Containers of Tide detergent on grocery store shelves.
Richard Levine | Corbis | Getty Images
Procter & Gamble on Wednesday reported quarterly earnings and revenue that topped analysts’ estimates as higher pricing helped offset lower sales volume and currency headwinds.
The maker of Tide detergent, Charmin toilet paper and Pampers diapers also said it’s expecting foreign currency to hit its fiscal 2023 results more than previously expected. The company is predicting that the strong U.S. dollar will deal a $1.3 billion blow this year − up $400 million from its outlook from late July.
As a result, P&G’s expects net sales for the year to decline 1% to 3%, lower than its previous outlook of flat to up 2%. It now forecasts earnings per share to be on the low end of its prior range of flat to up 4%.
The stock rose 3% in morning trading.
Here’s what the company reported for the fiscal first quarter compared with what Wall Street was expecting, based on a survey of analysts by Refinitiv:
- Earnings per share: $1.57 vs. $1.54 expected
- Revenue: $20.61 billion vs. $20.28 billion expected
Net sales for the quarter rose 1% to $20.61 billion, topping expectations of $20.28 billion. Unfavorable foreign exchange rates dragged revenue down by 6%.
When stripping out the impact of acquisitions, divestitures and foreign currency, the company said organic revenue climbed 7%. Higher prices fueled the growth and offset a 3% volume decline.
The company has been raising prices on products to mitigate rising costs, but the strategy has pressured consumer demand for its products, with volume shrinking for the last two fiscal quarters.
Executives stood by the strategy, expressing confidence that it hadn’t sparked any significant changes in consumer behavior.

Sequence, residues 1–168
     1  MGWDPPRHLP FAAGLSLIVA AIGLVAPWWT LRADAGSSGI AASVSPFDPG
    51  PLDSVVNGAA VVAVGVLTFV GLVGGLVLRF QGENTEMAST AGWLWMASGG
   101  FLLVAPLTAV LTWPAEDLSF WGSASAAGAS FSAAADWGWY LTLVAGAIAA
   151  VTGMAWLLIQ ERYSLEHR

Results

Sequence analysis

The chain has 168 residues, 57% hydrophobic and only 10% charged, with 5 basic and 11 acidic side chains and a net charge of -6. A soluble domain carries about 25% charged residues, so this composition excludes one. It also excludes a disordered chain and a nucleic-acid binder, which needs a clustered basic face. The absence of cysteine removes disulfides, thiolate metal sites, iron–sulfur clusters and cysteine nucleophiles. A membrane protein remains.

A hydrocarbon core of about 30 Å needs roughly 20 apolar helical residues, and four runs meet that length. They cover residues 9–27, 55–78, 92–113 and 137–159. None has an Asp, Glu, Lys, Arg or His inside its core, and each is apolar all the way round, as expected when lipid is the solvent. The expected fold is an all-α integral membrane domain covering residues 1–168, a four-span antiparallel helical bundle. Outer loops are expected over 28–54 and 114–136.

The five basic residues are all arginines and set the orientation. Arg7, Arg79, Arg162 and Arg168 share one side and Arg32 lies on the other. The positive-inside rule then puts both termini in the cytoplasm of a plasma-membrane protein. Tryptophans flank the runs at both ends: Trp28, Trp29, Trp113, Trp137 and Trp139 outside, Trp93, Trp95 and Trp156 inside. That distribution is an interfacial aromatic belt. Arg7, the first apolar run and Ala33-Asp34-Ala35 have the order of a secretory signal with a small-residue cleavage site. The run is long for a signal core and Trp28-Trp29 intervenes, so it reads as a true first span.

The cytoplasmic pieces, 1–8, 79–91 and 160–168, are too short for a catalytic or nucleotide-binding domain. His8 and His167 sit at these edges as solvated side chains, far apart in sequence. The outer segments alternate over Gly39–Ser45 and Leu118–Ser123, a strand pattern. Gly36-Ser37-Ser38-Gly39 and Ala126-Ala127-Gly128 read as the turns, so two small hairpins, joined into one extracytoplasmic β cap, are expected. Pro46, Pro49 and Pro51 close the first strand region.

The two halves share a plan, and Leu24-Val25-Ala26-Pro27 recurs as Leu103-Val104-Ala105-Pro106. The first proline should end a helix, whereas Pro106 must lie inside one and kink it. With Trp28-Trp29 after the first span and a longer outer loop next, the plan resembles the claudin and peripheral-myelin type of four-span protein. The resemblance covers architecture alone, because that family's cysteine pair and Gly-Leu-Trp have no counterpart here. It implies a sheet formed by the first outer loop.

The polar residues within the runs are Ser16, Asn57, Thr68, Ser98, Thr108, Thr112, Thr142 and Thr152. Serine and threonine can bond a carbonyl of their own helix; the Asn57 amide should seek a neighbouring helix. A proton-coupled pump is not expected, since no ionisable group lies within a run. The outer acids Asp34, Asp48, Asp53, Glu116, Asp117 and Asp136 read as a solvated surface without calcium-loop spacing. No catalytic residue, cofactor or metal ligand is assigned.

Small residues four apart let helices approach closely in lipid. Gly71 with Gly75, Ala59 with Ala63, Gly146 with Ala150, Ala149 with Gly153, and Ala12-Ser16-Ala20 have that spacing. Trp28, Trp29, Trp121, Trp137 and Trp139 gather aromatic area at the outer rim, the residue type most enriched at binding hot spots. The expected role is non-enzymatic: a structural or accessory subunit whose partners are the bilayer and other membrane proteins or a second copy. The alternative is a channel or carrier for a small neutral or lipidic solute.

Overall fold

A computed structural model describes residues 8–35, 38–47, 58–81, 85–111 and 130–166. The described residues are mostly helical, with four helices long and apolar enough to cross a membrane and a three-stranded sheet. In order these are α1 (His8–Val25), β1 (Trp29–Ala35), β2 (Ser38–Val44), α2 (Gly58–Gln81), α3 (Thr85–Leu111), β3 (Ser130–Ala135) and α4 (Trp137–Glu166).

“We feel very good about the consumer reaction to our price increases because we don’t see any major trade downs,” Andre Schulten, the company’s chief financial officer, said on a call with reporters.
However, he added that some categories in certain markets have seen their market share temporarily pressured. In the U.S., for example, P&G slashed marketing spending for laundry detergent due to supply constraints, leading some customers to buy other brands instead, according to Schulten. He said the supply issues have been fixed and P&G’s market share for the category is rebounding.
Schulten also said that 2% of volume declines during the quarter is due to its smaller Russian portfolio. Like many global companies, P&G moved to reduce its Russian exposure after the Kremlin invaded Ukraine earlier this year. The company has stopped marketing and new capital investments in the country and scaled back the products it sells there. Russia previously accounted for less than 2% of P&G’s global sales.
P&G’s grooming business, which includes Gillette and Venus razors, was the company’s only unit to report volume growth for the quarter. The segment’s volume rose 1%, although the company noted a slowdown in grooming appliances.
There were a few other bright spots for P&G’s volume. Skin and personal care, which is part of the company’s beauty segment, saw higher demand, fueled by new and upgraded products. A strong cold and flu season drove volume growth of its personal health-care segment, which includes brands like Vicks and Zzzquil.
For the three-month period ended Sept. 30, P&G reported net income of $3.94 billion, or $1.57 per share, down from $4.11 billion, or $1.61 per share, a year earlier. The company’s gross margin fell 1.6% compared with the year-ago period, weighed down by higher freight and commodity costs.
Executives told analysts on the conference call that they’ve seen some commodity costs fall, but that their suppliers are still charging higher prices for packaging material and other items.
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